Tyler Haws: The guy behind the game


Tyler Haws’ life on the court has not always been smooth. After failing to be invited back to a team in third grade, Haws made a pivotal decision: basketball was worth fighting for.

“I think I kind of fell in love with working hard at first,” said Haws, the starting guard for the BYU men’s basketball team. “I liked getting up in the morning and feeling like I had done something and worked toward a goal.”

BYU guard Tyler Haws shoots over Washington defender Andrew Andrews during the 2012 NIT tournament. Photo by Sarah Hill
BYU guard Tyler Haws shoots over Washington defender Andrew Andrews during the 2012 NIT tournament. Photo by Sarah Hill

There are few BYU fans who do not know Haws’ name, his stats and his endless list of accomplishments. However, few people know the guy behind the game.

“I think that I’m a nice guy and I am approachable and stuff, but I am intense and focused on what I’m doing,” Haws said. “I kind of have both sides to me. I’m not super nice on the court either. I’m intense. I’ll tear your head off on the court, but I am cool off the court.”

But Haws’ fervor in life is not solely for basketball. Haws loves spending time with his family and cat, Todd, at his home in Alpine. Backyard games with his dad, former BYU guard Marty Haws, and brother, TJ, are always in high demand, as are the attentions of his little sister, Gabi.

Beyond his family, Haws has great love for his faith. In 2010, Haws left basketball to serve a two-year mission in the Philippines for The Church of Jesus Christ of Latter-day Saints.

“My mission has probably been my biggest accomplishment as far as everything goes,” Haws said. “That was the hardest thing I have ever done in my whole life, by far. Learning a new language, trying to teach people about Jesus Christ, being in a different culture. … They were long days. But somehow I did it, and I have so many cool memories, so many people that I met.”

Perhaps it was through that refining process in the Philippines that Haws learned to deal with the many pressures, praises and criticisms that come with being in the spotlight.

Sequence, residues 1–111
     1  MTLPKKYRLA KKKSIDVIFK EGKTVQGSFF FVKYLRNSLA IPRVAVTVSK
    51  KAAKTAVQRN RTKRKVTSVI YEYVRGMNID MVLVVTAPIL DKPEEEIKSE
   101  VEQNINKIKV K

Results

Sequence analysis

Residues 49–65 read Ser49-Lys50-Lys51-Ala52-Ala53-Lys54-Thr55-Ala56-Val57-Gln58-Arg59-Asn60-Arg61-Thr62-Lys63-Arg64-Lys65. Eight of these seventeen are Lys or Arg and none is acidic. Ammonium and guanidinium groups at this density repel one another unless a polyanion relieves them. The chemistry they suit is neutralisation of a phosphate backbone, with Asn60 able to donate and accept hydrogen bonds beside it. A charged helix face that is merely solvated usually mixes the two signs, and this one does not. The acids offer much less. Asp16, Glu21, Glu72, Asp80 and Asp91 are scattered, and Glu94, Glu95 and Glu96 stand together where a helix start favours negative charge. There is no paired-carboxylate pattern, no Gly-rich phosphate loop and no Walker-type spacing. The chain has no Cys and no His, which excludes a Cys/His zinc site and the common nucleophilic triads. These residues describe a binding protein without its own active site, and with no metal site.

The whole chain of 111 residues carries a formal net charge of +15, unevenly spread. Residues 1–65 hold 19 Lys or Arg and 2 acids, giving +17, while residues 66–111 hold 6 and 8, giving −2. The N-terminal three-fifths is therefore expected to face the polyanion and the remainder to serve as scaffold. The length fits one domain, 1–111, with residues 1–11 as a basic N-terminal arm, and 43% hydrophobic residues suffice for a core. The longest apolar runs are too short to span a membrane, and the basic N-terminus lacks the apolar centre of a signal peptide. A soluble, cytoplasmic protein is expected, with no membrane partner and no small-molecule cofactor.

“When you are in a game and you start thinking about the fans and who is there watching and what people are going to say, that is when everything starts to get out of control,” Haws said. “I think focusing on what you have to do to help your team gets rid of all that. With praise you can get way too high and think you are way too good, and then you just get humbled. It is better to just stay even-keeled. Don’t come too low or too high. Just smooth sailing.”

Yet, according to those who know him, on and off the court, Haws is the model of modesty.

“He is so humble,” teammate Frank Bartley said. “He really is. You wouldn’t even know he was a basketball player if you didn’t watch BYU basketball.”

However, Haws does have some pride in one particular aspect of himself: his hair.

“If I could I would grow it out. It would be way long,” Haws said. “I love long hair. I had a controlled mullet in June. My hair just stays still. It’s curly and super thick. … I do like my hair.”

Fellow teammates have acknowledged the consistent humility and kindness that seem to emanate from such a high-profile player.

“He is one of the best kids,” fellow guard Kyle Collinsworth said. “He just does what he is supposed to always. (He) is super nice, and he is just the same guy every day. I really admire that about him.”

It is through Haws’ love and willingness to work that he has seen his greatest hopes and aspirations come to life, but his dreams only continue.

“I would like to keep playing basketball, whether that is in the NBA or in Europe or somewhere else. I’d like to keep playing as long as I can,” Haws said. “Hopefully have a wife and a family. After basketball I want to get involved in a start-up company with the buddies I have grown up with and try to help it grow and see where it goes.”

If basketball somehow were taken away from him, however, Haws’ ambition would remain because he understands there is more to life than the game.

“I like working hard, and I like accomplishing something,” Haws said. “And that’s what I think keeps me coming back to basketball, is success and improving. … If it wasn’t basketball it would probably be something else. If not another sport it would be in the classroom, getting good grades, or maybe it would be service, or I would get involved in a club or something. Getting involved in something where you are working with people and you are working toward a goal.”

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